“Power Foods for the Brain: An Effective 3-Step Plan to Protect Your Mind and Strengthen Your Memory,” by Neal D. Barnard, M.D., $26.99

While Neal Barnard, M.D., acknowledges that many doctors still think there’s nothing we can do to prevent age-related memory loss, he says the good news is there are proven ways to keep our minds sharp as we age.

Turns out one of the best things we can do for our memory is to eat the same plant-centered food that prevents a variety of other diseases.

“Over many years, researchers have demonstrated the power of foods to help our hearts, trim our waistlines, tackle diabetes, ease chronic pain, and improve many other aspects of our lives,” Barnard writes. “To this impressive list, we can now add protecting and enhancing our brains.”

Barnard teaches medicine at George Washington University, heads the nonprofit Physicians Committee for Responsible Medicine and is the author of numerous books, including “21-Day Weight Loss Kickstart,” “Dr. Neal Barnard’s Program for Reversing Diabetes” and “Foods that Fight Pain.”

Reviewing the latest studies, he says the culprits behind memory loss appear to be saturated fats, trans fats and excess iron, copper and zinc (most of it coming from animal-based foods). Other suspects include poor sleep, medication side effects and lack of physical and mental exercise.

Recipes in the book include oyster mushroom frittata, creamed corn soup, black bean fiesta salad, baked veggie falafel and plantains in cumin tomato sauce.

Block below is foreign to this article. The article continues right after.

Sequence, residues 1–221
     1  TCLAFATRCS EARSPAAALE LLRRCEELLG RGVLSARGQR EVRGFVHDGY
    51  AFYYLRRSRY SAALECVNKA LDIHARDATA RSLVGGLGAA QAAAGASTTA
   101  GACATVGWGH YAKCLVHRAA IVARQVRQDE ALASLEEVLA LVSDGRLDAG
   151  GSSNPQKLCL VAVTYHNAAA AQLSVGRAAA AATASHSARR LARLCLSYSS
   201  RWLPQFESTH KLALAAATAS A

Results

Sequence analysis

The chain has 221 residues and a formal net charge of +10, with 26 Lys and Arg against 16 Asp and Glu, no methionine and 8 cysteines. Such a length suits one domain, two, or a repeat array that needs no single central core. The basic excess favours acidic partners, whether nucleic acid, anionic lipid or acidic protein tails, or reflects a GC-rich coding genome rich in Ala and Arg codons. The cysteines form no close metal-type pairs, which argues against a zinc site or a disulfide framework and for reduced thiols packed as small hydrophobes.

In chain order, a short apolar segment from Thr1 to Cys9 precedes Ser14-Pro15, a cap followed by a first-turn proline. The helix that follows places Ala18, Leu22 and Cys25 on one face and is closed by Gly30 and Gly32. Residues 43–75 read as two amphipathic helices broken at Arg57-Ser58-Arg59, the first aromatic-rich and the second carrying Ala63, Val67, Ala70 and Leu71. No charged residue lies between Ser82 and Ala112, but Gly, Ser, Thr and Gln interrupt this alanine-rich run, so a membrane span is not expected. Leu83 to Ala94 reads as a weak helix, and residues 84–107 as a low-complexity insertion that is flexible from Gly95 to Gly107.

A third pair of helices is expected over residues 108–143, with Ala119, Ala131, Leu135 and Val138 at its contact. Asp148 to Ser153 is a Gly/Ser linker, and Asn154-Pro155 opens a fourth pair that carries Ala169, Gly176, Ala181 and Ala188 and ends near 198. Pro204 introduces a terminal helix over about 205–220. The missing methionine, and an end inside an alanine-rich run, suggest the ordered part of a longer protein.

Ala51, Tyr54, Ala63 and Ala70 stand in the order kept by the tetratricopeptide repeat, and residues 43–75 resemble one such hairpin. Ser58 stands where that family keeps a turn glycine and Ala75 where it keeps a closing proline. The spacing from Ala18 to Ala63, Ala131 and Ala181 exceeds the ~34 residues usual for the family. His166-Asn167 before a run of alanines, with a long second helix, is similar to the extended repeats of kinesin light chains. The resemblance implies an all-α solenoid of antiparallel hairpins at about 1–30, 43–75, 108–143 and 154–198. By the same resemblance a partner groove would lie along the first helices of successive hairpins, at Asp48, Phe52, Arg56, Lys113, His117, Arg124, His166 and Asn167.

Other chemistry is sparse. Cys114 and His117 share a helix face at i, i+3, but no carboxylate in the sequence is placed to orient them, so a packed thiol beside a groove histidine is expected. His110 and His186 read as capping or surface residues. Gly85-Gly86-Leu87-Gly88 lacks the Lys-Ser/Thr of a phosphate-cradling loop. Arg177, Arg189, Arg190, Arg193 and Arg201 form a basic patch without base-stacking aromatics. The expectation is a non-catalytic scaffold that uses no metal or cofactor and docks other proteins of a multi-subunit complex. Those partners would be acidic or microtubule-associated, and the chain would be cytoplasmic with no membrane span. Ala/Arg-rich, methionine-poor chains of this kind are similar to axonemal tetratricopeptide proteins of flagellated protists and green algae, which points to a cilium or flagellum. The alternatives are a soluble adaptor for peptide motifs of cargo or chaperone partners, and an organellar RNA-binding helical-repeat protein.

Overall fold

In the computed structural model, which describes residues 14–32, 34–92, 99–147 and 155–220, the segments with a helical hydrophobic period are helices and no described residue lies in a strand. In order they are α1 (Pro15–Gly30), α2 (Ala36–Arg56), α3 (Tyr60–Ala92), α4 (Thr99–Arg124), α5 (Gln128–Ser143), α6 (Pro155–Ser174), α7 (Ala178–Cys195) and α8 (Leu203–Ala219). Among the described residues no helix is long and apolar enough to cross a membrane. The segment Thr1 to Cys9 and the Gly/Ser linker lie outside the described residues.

Much like Bittman, Barnard concludes on an upbeat note.

“The fact is, there is much we can do to prevent memory loss,” he writes, “not to mention maximize the everyday function of people who simply want to feel their best.”

 

“Cooked: A Natural History of Transformation,” by Michael Pollan, $27.95

First a warning: If you’re buying a gift for an ethical vegan or an ardent animal lover, this likely isn’t the book you want. But if your foodie can stomach detailed descriptions of whole hog barbecue (including Michael Pollan’s musings on how pig corpses look remarkably human) then he or she will find much to chew on in this book.

One of the most famous food writers of our time, Pollan is the author of “The Omnivore’s Dilemma” and is a regular contributor to the New York Times Magazine.

In “Cooked,” Pollan examines how the personal act of cooking can bring families together, improve our health, make the American food system more sustainable and reduce our sense of dependence in a consumer economy.

As Pollan writes: “What I found in the kitchen is that cooking connects.… The cook stands squarely between nature and culture, conducting a process of translation and negotiation.”

He explores this process of translation and negotiation by learning how to perform four very different styles of cooking: roasting meat over a fire, baking bread, fermenting vegetables and preparing one-pot meals.

Along the way he takes some interesting detours to dive into discussions of whether cooking with fire made us uniquely human, rumors that whole wheat flour from large milling operations is actually lacking the vital wheat germ, and new research showing how our well-being hinges on the health of the microbes that live in our guts.

The book leaves readers with plenty of thoughtful fodder for the long winter ahead.

 

Avery Yale Kamila is a freelancer who lives in Portland, where she writes about health food and is a big fan of giving books as gifts. She can be reached at avery.kamila@gmail.com

Twitter: AveryYaleKamila